Wide-angle lens (Galaxy M40 vs Honor 20i)

Samsung Galaxy M40 (1/579 sec, f/2.2, ISO40)

Honor 20i (1/394, f/2.4, ISO50)

The Samsung Galaxy M40 and the Honor 20i stand out by offering an extra-wide-angle camera. This is, in fact, the first mid-range smartphone by Honor to include a wide-angle camera while Samsung has been fitting one in almost every smartphone it has launched this year. Based on the photos captures, Samsung clearly has the upper hand in shooting good wide-angle shots. The one by the Honor 20i seems low-res, has a lot of noise and lacks sharpness. Both phones also have a lot of distortion present in the images, the Honor 20i more than the Galaxy M40. Thankfully, Samsung adjusts the distortion by cropping the image a little. The Honor 20i does no such thing.

Conclusion

Based on the final scores, the Xiaomi Redmi Note 7S takes the best photos in daylight as well as the best selfies. The Note 7S with its 48MP Samsung sensor applies intelligent processing on top of it managing to extract good details with high sharpness. The photos are also quite true to source. The same cannot be said about the Motorola One Vision and the Honor 20i. The former bumps the colour temperature really high while the latter implements excessive post-processing. The Galaxy M40 is also quite reliable and lost out to the Note 7S by only 3 points.

In low-light, the results are completely different. It’s the Motorola One Vision that takes the best photos in low-light. The Night Vision mode in the phone is especially adept at making well-lit and sharp images which none of the other phones managed to offer. It’s the winner by a big margin.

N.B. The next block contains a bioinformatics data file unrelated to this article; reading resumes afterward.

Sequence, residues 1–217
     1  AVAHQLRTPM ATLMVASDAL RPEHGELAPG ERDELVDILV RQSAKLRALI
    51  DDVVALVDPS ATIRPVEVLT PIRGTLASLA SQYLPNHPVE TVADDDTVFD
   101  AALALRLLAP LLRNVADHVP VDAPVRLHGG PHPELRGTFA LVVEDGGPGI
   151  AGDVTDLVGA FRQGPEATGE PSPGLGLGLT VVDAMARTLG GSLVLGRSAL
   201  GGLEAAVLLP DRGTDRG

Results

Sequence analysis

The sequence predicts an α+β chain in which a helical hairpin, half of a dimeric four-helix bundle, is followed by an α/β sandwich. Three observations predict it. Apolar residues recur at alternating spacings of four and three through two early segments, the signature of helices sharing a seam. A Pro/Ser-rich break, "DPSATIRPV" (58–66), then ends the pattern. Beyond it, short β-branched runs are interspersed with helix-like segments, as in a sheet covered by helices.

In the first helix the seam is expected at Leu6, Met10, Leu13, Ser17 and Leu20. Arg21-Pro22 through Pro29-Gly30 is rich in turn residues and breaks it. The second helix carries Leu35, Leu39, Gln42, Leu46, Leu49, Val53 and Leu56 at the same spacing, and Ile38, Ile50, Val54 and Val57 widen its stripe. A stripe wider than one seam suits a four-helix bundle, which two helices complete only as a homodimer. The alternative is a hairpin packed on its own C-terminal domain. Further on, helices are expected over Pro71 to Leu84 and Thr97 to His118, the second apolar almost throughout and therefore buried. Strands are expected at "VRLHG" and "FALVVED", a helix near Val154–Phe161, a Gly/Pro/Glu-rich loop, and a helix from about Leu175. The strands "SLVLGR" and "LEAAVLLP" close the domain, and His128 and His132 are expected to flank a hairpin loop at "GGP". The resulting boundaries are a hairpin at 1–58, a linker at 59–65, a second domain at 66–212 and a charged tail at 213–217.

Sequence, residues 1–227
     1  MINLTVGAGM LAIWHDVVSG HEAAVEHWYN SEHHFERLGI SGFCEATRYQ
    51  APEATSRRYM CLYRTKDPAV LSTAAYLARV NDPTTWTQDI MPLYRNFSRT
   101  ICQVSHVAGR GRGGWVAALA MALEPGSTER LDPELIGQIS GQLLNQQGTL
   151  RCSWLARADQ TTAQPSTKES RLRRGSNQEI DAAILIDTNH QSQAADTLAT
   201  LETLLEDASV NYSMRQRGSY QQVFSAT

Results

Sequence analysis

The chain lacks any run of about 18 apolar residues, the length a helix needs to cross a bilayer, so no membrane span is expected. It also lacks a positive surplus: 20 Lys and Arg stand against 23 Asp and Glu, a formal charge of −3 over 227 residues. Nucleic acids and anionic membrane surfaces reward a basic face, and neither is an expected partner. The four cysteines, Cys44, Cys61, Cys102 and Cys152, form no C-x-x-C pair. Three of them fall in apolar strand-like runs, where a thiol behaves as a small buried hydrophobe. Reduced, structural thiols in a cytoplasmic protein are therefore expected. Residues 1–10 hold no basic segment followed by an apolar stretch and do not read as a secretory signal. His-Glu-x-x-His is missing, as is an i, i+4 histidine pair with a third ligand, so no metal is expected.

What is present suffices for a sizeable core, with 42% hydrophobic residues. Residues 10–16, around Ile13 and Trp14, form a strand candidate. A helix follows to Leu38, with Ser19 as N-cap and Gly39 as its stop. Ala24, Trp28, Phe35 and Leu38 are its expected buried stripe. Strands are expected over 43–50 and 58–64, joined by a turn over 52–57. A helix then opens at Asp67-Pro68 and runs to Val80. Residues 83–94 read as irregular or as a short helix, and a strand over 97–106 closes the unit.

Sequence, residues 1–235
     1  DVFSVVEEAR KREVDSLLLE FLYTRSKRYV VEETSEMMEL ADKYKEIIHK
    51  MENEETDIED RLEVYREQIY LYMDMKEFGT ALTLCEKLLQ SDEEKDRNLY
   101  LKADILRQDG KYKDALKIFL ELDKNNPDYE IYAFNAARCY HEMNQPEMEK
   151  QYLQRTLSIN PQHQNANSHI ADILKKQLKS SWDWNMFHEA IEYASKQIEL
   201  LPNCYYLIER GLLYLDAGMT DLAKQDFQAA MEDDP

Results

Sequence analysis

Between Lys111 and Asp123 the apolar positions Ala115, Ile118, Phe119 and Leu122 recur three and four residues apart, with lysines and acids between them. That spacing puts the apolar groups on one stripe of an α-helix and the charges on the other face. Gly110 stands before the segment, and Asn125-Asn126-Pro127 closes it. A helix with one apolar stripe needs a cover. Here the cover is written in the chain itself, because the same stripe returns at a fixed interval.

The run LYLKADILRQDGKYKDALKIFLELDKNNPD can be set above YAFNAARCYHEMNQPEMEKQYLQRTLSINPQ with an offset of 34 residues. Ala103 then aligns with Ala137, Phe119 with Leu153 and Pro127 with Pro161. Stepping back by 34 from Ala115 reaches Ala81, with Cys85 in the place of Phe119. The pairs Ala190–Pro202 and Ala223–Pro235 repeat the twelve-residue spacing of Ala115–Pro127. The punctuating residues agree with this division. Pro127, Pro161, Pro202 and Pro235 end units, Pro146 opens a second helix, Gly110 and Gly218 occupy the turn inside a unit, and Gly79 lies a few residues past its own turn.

As for selfies from the front camera, the Motorola One Vision and the Redmi Note 7S doesn’t smoothen the skin tone which the Galaxy M40 and the Honor 20i does by default. While there might be some who prefer their faces in selfies with no blemishes, I actually prefer otherwise which is why this scoring was quite subjective.

Now the bigger question — Do you need to spend around Rs 20,000 for a good camera smartphone? The answer is no. The Redmi Note 7 Pro proved so previously, and the Redmi Note 7S, it’s smaller sibling goes on to do the same amidst phones priced Rs 20,000. While there is a visible improvement in low-light imagery from the Rs 20,000-priced Moto One Vision, the rest of the features make for a bad low-light mode. But then again, low-light modes are mostly software based considering both phones have the same sensor, Xiaomi might address this weak point with a future update. There’s no denying that a smartphone priced higher will justify the price-tag to some extent with a superior display or reliable performance, but when it comes to cameras, costlier isn’t always better.

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Subhrojit Mallick

Huawei Honor 20i